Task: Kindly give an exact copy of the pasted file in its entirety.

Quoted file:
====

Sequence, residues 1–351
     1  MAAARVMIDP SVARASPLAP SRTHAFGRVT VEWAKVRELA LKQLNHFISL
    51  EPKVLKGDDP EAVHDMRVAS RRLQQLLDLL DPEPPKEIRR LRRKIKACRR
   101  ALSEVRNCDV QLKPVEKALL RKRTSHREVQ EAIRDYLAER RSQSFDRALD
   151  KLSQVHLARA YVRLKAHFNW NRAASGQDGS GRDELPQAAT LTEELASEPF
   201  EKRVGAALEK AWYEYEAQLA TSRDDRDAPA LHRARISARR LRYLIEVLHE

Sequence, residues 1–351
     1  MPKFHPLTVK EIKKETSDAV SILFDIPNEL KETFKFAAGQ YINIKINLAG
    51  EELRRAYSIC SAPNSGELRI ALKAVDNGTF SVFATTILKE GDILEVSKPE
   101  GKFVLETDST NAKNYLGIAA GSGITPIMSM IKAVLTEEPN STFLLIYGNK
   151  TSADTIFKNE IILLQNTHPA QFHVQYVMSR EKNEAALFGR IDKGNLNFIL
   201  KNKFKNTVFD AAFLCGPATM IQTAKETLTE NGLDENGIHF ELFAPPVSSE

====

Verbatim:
Sequence, residues 1–351
     1  MAAARVMIDP SVARASPLAP SRTHAFGRVT VEWAKVRELA LKQLNHFISL
    51  EPKVLKGDDP EAVHDMRVAS RRLQQLLDLL DPEPPKEIRR LRRKIKACRR
   101  ALSEVRNCDV QLKPVEKALL RKRTSHREVQ EAIRDYLAER RSQSFDRALD
   151  KLSQVHLARA YVRLKAHFNW NRAASGQDGS GRDELPQAAT LTEELASEPF
   201  EKRVGAALEK AWYEYEAQLA TSRDDRDAPA LHRARISARR LRYLIEVLHE

Sequence, residues 1–351
     1  MPKFHPLTVK EIKKETSDAV SILFDIPNEL KETFKFAAGQ YINIKINLAG
    51  EELRRAYSIC SAPNSGELRI ALKAVDNGTF SVFATTILKE GDILEVSKPE
   101  GKFVLETDST NAKNYLGIAA GSGITPIMSM IKAVLTEEPN STFLLIYGNK
   151  TSADTIFKNE IILLQNTHPA QFHVQYVMSR EKNEAALFGR IDKGNLNFIL
   201  KNKFKNTVFD AAFLCGPATM IQTAKETLTE NGLDENGIHF ELFAPPVSSE